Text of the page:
Closer to the house in the rose garden the original beds have been expanded and now accommodate not just roses such as Comte de Chambord, Penelope and Felicia, but also spring hellebores and supporting plants such as Philadelphus and Buddleia. It is sheltered by beech and yew hedges and a huge London plane tree seems to stand guard above. "Most plane trees are found in cities where they are pollarded," explains Viv, "so people never have the opportunity to observe their natural, weeping form." Beneath the tree I notice a handsome wooden bench and Viv tells me that it was made by the estate's carpenters and is based on one seen in a photograph from a 1903 Country Life article about Godinton. "It's a lovely Edwardian design, but it's also important to get the scale of things right in a place like this. We're so fortunate to have both intimate garden spaces here and the broader sweep of the parkland beyond."
We walk on past the old tennis lawn and through a Japanese wisteria-covered neoclassical colonnade. This leads into the famous Italian garden. The design had been proposed by Blomfield but it wasn't constructed until the 1930s when the Hon Mrs Bruce Ward (Wyndham Green's mother) took charge. The still, narrow rill of water has a fountain in its centre and beyond, at the end of the garden, is a stone bench that is a memorial to Alan Wyndham Green. It features a design showing the good men of Kent carrying out their musket drill and echoes a 17th century wooden frieze in the Great Chamber in the house. Behind it a large Trachelospermum jasminoides (star jasmine) creates an evergreen and highly fragrant backdrop.
We enter the walled garden through a door in the brick gazebo that discreetly links the two spaces. It is still mainly organised as a kitchen garden, with a mix of display borders, flowers for cutting and nursery beds. Exotics and tender plants such as orchids and streptocarpus are nurtured in the large glasshouse. Against the north wall an older glasshouse will soon be home to a collection of ferns, another tiny one has been restored for alpines and there are plans to build a summerhouse. Viv grows squashes and pumpkins for the annual Pumpkin Day in October, and she would love to plant a herb garden here too. New espaliered apples and pears have joined the old surviving fruit trees. "These old ones are not terribly productive, but their gnarled trunks and branches are so full of character, we just had to keep them," says Viv. Two walls shelter Godinton's famous collection of delphiniums. The Delphinium Society help to care for them and Godinton holds a week-long Delphinium Festival every June. There are workshops and events throughout the year, but the first full public event this year will be in March for the NGS (National Gardens Scheme). The daffodil meadow should be in full bloom and the tea rooms will be serving home-made cake. It seems that Alan Wyndham Green's wish has been fulfilled. Godinton Park House is not simply a museum, but a living treasure.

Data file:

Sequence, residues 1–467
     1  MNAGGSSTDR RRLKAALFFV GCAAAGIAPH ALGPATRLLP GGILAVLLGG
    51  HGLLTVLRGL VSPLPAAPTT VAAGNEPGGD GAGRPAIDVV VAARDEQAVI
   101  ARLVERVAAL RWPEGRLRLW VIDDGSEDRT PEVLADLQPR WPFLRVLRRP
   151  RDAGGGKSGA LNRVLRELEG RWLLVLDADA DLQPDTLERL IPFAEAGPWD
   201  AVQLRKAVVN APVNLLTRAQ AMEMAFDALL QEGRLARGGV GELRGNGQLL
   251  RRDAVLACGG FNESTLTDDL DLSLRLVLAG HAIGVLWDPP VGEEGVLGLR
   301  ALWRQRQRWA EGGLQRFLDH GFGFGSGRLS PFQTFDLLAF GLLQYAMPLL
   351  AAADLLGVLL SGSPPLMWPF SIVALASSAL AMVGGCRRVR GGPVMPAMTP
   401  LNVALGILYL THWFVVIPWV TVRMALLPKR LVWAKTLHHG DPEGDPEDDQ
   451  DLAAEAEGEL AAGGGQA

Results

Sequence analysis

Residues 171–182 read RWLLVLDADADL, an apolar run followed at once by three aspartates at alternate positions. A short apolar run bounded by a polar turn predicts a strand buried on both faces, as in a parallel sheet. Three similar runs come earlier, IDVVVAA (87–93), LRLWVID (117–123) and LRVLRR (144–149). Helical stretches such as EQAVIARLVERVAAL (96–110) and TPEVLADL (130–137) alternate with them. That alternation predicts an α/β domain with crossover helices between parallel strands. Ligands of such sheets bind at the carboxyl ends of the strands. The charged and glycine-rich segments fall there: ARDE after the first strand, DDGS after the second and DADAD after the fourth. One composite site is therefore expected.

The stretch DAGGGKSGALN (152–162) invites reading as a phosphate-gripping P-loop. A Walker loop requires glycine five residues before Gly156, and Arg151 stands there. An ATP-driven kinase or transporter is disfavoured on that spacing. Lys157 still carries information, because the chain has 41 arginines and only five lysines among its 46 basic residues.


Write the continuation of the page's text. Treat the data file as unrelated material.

Godinton Lane, Ashford TN23 3BP,
Godinton House Preservation Trust
Tel: 01233 632652 Web: www.godintonhouse-gardens.co.uk
Adm £7 (House & garden) £4 (Gdn only), children under 16 free
The 13-acre gardens are open daily from 1st March 2–5.30pm
House open Friday to Sunday from 10th April 2–5.30pm
Garden open for the NGS: Sunday 22nd March & Sunday 29th March (2–5.30pm)